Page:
|VIZO Master Panel II Expansion Interface|
|Reviews - Featured Reviews: Accessories|
|Written by Ronald Tibbetts|
|Wednesday, 07 November 2007|
Page 4 of 5
Testing & Results
To test if I really needed to "go to the back or not", I wanted to see if using the Master Panel II had any effect on performance regarding the ports I use most often; eSATA and USB 2.0. I also heavily make use of my digital camera and wondered if bypassing its docking station I could cut the time it takes to transfer images to my PC.
Concerning the tests, I used Simply Software's HD Tach v184.108.40.206 Quick Bench (8MB zones). HD Tach is a low level hardware benchmark for random access read/write storage devices such as hard drives, removable drives (ZIP/JAZZ), flash devices, and RAID arrays. HD Tach uses custom device drivers and other low level Windows interfaces to bypass as many layers of software as possible and get as close to the physical performance of the device possible.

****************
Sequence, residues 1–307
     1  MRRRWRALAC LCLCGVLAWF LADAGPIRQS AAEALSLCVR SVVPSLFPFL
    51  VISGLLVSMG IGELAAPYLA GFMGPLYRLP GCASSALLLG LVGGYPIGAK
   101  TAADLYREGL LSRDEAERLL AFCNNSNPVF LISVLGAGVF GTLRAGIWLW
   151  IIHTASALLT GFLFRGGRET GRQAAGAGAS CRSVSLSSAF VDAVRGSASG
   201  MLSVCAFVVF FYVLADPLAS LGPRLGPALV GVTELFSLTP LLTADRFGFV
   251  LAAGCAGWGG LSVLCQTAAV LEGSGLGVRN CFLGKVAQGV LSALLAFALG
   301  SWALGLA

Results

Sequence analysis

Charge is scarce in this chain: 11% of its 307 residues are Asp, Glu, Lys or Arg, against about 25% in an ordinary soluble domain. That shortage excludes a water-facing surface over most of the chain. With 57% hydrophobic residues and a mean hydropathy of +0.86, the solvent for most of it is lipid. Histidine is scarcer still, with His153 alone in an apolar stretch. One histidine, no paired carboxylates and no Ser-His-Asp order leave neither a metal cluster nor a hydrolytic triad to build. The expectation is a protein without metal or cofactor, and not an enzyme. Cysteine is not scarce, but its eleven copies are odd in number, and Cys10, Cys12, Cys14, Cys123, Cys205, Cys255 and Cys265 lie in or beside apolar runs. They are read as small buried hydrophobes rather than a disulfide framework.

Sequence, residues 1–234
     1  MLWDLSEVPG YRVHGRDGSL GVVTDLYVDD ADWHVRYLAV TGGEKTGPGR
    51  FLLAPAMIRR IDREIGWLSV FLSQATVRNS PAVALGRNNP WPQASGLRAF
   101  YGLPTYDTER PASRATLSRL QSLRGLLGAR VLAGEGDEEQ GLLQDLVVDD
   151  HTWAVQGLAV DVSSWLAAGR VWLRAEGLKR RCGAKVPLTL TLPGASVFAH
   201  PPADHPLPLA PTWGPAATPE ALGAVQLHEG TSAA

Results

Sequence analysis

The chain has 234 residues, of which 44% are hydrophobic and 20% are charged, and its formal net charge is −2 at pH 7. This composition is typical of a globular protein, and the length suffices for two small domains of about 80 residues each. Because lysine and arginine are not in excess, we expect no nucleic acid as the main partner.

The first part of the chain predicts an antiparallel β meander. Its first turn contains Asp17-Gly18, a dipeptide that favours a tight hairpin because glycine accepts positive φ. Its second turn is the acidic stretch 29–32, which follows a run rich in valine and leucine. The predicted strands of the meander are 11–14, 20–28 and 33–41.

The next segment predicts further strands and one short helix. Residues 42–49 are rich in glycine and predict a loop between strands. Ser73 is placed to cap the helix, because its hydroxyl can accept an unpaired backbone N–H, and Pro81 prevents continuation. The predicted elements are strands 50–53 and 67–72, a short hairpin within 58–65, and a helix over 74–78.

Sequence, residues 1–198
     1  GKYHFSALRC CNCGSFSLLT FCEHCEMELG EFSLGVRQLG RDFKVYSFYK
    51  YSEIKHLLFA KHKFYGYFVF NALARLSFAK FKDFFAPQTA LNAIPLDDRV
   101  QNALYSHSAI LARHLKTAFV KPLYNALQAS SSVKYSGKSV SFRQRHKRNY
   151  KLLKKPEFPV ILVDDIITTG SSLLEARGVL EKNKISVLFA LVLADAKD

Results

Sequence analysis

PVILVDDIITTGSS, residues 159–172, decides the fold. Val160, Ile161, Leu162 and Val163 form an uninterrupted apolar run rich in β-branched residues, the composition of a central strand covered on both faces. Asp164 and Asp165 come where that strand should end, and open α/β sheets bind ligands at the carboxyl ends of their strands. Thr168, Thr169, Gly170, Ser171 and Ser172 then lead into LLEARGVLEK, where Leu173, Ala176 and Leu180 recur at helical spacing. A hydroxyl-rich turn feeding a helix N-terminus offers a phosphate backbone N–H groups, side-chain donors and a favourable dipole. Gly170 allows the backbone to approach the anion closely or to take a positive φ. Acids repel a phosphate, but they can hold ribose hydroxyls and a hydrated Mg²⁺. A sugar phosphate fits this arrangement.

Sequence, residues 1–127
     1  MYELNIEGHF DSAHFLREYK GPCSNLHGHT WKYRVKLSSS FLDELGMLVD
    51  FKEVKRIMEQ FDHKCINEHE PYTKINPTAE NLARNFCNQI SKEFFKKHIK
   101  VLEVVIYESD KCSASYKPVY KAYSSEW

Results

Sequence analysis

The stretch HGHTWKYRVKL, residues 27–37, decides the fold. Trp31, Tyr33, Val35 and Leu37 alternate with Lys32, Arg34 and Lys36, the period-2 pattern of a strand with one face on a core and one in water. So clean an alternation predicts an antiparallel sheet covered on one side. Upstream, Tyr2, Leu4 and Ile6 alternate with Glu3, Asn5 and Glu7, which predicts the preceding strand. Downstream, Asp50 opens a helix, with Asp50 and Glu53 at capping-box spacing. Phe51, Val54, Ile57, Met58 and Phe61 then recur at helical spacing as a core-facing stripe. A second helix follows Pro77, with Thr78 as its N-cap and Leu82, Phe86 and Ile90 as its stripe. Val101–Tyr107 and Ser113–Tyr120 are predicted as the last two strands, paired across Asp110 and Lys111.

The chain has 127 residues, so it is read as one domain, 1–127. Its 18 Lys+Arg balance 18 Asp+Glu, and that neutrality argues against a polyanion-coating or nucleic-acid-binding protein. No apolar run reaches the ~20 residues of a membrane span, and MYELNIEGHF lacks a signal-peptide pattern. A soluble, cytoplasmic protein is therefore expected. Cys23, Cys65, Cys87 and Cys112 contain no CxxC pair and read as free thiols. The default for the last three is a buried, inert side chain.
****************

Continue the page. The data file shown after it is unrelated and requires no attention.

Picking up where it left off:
For the eSATA and USB 2.0 I used my Vantec external HDD enclosure that supports eSATA and USB 2.0 transfers. The drive I chose for the tests was a single Western Digital Raptor 74GB 16MB Cache 10k RPM.
For the Compact Flash (CF) reader I used a SanDisc 2GB CF Card, doing a direct comparison with my HP Photosmart R967 Digital Camera on its docking station, setting the camera to appear as a disc drive under Windows. Both the Card Reader and HP docking station connect via USB 2.0.
Master Panel II Results
Since the eSATA is no more than a pass-through from the motherboard, there should be no difference with either port. The minor differences that were noted are likely due to normal variances in the test.
Here the Master Panel really shines, besting the Average transfer rate of the HP camera by almost 83%, and Random Access by more then 18.3%. With ~3MB average image size, that's no small drop in the bucket, and will cut image uploading time drastically.
Also being a straight pass-through the USB 2.0 test shows there is no difference compared to the on-board ports.
Giving you all the functionality of your on-board ports while being easily accessible is the aim of the Master Panel II. And it does just that with no tricks, just a simple design that uses a pass-through method to bring needed ports up front. I was quite surprised with the CF card results, and pleased with a way to get images to my PC faster.